Dow Jones futures will open on Sunday evening along with S&P 500 futures and Nasdaq futures.
The stock market rally went on a true roller-coaster ride last week, with some volatile daily action only to end about where it started. The Dow Jones, S&P 500 and Nasdaq composite closed with fractional losses while the small-cap Russell 2000 edged higher.
The market rally will likely take its cue this coming week from a deluge of earnings reports. Tesla (TSLA) kicks off earnings on Monday, with Google parent Alphabet (GOOGL), Microsoft (MSFT), Apple (AAPL), Facebook (FB) and Amazon.com (AMZN) also due this week.
These earnings reports alone with have a big impact on the stock market rally. All six stocks are on the S&P 500 and Nasdaq, with the Apple and Microsoft stock on the Dow Jones Industrial Average.
Apple stock has a $2.25 trillion market cap, with Microsoft, Amazon and Google each worth more than $1.5 trillion. All told, these six stocks have a market cap of just over $9 trillion. Plus, their results will have major implications for rivals, customers and suppliers.
Tesla Eyes Breakout With Earnings Due, But Chart Has Flaws
Tesla stock has a cup-with-handle buy point. Amazon stock also has formed a handle in a long consolidation. Facebook stock is just above an initial buy point, though it has some alternate entries as well. Apple stock and Google have tight patterns, though it’s not clear if either is actionable. MSFT stock is consolidating at record highs.
Dow Jones Futures Today
Dow Jones futures will open at 6 p.m. ET on Sunday, along with S&P 500 futures and Nasdaq 100 futures.
Remember that overnight action in Dow futures and elsewhere doesn’t necessarily translate into actual trading in the next regular stock market session.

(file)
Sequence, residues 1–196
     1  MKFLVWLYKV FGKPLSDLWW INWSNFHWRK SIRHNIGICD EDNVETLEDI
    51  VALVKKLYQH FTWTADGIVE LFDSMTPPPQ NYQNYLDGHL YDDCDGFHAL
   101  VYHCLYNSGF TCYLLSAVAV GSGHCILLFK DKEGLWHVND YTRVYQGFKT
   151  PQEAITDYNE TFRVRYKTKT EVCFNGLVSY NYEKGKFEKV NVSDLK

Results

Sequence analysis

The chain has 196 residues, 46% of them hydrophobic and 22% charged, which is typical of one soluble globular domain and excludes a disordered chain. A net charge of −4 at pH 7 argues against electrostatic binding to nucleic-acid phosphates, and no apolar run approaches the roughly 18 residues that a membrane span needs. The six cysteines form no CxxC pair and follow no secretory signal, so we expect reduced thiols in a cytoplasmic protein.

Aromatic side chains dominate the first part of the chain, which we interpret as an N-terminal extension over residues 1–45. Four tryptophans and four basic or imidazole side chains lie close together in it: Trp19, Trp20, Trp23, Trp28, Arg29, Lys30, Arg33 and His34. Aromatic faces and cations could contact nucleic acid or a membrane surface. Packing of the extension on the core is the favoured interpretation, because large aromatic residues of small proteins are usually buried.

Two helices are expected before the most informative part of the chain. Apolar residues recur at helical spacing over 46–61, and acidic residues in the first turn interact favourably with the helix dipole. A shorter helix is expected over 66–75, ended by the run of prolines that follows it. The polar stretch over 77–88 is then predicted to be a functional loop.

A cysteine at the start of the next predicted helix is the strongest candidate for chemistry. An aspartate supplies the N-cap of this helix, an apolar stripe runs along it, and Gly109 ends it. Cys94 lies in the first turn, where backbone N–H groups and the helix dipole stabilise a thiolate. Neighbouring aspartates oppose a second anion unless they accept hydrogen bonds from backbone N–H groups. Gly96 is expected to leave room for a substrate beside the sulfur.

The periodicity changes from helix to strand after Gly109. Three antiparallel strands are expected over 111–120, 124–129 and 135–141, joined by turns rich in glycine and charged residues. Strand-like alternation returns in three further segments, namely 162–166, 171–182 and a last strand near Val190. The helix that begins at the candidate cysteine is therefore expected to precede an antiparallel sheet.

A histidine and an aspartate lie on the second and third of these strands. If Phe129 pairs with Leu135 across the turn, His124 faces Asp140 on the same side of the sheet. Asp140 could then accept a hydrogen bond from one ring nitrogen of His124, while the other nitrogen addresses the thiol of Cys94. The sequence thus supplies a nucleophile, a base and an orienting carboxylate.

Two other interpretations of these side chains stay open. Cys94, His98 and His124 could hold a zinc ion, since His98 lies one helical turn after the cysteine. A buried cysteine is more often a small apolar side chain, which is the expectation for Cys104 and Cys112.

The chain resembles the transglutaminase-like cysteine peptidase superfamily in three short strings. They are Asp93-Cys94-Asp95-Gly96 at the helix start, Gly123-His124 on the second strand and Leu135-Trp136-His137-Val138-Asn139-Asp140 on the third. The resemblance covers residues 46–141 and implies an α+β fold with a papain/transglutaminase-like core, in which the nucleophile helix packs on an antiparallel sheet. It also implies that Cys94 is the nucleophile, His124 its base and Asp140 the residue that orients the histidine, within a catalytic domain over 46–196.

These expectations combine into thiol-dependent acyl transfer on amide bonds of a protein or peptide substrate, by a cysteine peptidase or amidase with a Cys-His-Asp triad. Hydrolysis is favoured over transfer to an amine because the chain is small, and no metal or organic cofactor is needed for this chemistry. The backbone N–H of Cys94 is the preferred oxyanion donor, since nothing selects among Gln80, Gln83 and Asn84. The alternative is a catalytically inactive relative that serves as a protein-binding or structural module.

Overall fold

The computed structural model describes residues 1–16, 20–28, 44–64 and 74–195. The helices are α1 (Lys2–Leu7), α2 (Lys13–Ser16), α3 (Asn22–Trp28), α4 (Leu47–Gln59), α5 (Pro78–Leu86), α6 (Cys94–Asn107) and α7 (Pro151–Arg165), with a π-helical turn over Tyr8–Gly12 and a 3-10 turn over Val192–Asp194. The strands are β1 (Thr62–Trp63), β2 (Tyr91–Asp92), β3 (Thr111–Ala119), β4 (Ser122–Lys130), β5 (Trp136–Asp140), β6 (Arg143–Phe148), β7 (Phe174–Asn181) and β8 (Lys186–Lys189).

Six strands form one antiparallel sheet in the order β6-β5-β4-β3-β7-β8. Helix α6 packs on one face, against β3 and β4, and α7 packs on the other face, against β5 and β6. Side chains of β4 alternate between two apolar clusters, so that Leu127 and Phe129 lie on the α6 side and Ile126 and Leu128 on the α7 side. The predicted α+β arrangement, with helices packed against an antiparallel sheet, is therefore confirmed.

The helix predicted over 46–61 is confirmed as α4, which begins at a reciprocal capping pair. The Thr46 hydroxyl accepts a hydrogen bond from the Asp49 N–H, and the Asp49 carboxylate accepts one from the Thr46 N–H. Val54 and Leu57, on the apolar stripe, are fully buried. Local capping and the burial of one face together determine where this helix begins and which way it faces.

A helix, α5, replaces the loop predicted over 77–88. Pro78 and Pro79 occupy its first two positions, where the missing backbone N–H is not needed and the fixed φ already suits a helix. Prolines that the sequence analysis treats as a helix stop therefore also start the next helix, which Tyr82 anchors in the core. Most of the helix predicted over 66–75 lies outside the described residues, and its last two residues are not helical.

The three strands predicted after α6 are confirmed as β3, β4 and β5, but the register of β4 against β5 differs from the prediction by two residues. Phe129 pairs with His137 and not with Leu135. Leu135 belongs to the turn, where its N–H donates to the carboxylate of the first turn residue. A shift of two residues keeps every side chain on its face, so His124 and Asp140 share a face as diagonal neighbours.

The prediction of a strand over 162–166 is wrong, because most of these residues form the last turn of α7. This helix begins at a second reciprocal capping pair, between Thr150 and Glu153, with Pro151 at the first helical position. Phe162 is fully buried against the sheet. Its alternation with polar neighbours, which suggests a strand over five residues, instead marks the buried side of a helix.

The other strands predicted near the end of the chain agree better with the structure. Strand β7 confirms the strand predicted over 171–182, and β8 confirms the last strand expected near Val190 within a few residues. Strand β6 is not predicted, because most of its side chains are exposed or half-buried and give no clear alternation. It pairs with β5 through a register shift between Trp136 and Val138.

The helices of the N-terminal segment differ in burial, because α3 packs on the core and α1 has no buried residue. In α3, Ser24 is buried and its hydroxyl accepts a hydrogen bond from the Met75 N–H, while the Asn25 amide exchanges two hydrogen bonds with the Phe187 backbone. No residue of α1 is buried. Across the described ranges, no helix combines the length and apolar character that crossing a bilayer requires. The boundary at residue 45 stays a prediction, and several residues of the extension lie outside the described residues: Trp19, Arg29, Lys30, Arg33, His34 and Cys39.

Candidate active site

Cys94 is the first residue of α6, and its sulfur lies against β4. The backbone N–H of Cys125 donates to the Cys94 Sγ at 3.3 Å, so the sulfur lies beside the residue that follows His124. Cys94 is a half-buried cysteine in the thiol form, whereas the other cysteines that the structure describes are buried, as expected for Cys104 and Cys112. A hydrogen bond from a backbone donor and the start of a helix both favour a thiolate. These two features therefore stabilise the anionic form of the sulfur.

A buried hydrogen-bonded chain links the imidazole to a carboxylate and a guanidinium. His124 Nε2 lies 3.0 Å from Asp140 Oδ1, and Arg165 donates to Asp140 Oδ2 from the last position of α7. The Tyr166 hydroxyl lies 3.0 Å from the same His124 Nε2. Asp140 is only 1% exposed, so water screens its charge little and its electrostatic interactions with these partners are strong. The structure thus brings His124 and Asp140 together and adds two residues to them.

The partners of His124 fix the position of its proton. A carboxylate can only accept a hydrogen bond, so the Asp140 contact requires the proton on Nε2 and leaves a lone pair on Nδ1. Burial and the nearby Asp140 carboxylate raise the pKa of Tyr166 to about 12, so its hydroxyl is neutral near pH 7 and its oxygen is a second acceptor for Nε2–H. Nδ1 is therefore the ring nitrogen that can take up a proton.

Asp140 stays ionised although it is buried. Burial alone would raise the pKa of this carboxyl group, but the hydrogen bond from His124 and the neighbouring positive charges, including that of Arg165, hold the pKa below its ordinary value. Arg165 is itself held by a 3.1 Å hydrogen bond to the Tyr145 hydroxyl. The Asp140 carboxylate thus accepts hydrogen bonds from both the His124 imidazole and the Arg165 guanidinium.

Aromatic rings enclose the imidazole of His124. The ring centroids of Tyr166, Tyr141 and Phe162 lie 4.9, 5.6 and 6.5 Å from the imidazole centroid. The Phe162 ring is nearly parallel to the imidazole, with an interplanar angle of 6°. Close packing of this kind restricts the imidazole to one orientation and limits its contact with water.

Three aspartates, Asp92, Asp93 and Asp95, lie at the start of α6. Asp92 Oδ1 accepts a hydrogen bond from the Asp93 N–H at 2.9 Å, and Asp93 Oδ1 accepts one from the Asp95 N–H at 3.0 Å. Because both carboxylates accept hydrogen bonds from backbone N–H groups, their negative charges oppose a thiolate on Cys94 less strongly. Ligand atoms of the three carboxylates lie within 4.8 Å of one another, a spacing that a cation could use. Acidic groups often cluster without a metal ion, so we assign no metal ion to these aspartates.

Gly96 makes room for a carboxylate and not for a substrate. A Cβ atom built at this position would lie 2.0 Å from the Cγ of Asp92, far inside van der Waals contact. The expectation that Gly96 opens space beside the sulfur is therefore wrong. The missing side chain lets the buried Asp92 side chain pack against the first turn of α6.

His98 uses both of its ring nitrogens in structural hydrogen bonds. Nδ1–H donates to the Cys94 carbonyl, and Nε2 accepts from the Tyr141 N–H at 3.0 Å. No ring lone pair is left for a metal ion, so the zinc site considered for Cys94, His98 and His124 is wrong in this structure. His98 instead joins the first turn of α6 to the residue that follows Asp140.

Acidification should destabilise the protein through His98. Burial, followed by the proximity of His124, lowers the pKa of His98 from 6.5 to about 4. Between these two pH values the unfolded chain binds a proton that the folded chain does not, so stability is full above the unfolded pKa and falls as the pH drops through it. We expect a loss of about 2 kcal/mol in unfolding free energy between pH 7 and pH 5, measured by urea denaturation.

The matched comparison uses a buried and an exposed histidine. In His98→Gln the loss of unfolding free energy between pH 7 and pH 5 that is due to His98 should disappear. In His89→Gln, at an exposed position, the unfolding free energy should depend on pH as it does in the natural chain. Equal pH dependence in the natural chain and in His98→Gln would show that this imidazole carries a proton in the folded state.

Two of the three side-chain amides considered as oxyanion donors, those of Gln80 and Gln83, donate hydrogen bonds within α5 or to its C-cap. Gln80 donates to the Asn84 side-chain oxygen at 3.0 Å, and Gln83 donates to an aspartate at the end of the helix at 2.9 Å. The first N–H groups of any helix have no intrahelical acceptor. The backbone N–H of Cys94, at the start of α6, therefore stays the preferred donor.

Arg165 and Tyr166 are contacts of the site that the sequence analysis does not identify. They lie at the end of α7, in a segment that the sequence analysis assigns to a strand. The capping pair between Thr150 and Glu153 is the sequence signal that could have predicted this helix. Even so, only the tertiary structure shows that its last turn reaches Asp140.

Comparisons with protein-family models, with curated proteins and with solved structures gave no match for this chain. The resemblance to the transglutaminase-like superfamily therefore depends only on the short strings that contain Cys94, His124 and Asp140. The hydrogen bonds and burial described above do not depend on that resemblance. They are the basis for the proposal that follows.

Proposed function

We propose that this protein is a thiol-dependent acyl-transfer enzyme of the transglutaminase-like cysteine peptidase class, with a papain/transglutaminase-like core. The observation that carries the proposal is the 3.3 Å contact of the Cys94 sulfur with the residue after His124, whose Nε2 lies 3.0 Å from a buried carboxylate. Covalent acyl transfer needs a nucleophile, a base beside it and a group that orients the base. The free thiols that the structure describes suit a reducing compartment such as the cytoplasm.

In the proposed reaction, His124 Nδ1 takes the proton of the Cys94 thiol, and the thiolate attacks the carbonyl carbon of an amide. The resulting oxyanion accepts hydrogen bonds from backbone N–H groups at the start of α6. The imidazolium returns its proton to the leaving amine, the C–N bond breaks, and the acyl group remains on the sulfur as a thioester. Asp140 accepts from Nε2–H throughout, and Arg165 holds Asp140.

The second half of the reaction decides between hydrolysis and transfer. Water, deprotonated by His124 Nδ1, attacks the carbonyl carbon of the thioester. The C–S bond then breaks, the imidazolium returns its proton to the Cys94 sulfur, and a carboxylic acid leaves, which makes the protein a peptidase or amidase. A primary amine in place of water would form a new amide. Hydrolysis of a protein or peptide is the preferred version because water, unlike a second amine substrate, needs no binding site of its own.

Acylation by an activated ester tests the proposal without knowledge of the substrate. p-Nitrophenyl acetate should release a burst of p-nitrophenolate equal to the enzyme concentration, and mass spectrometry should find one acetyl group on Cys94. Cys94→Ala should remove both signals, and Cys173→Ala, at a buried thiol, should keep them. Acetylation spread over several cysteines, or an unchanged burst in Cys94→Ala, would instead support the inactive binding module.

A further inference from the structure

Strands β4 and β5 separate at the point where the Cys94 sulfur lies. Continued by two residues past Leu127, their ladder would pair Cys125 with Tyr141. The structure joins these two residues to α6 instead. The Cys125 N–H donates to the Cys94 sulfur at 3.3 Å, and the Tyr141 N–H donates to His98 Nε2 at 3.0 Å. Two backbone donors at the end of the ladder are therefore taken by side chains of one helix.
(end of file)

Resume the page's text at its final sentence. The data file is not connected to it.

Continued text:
Coronavirus cases worldwide reached 147.19 million. Covid-19 deaths topped 3.11 million.
Coronavirus cases in the U.S. have hit 32.78 million, with deaths above 585,000.
The U.S. will resume Johnson & Johnson (JNJ) coronavirus vaccine shots and shipments after a CDC advisory panel concluded Friday that the benefits outweigh the risks. Some 15 women under the age of 50 have developed a very rare but serious blood clotting issue from the one-shot J&J vaccine.
Stock Market Rally Last Week
The stock market rally had ups and downs, but finished with minimal weekly changes.
The Dow Jones Industrial Average dipped 0.5% in last week’s stock market trading. The S&P 500 index edged down 0.1%. The Nasdaq composite lost 0.25%. The Russell 2000 gained 0.5%
Among the best ETFs, the Innovator IBD 50 ETF (FFTY) rose 1.6%, rebounding from steep losses during the week, while the Innovator IBD Breakout Opportunities ETF (BOUT) gained 1.2%. The iShares Expanded Tech-Software Sector ETF (IGV) sank 0.7%, even with top component MSFT stock edging higher. The VanEck Vectors Semiconductor ETF (SMH) retreated 1.3%.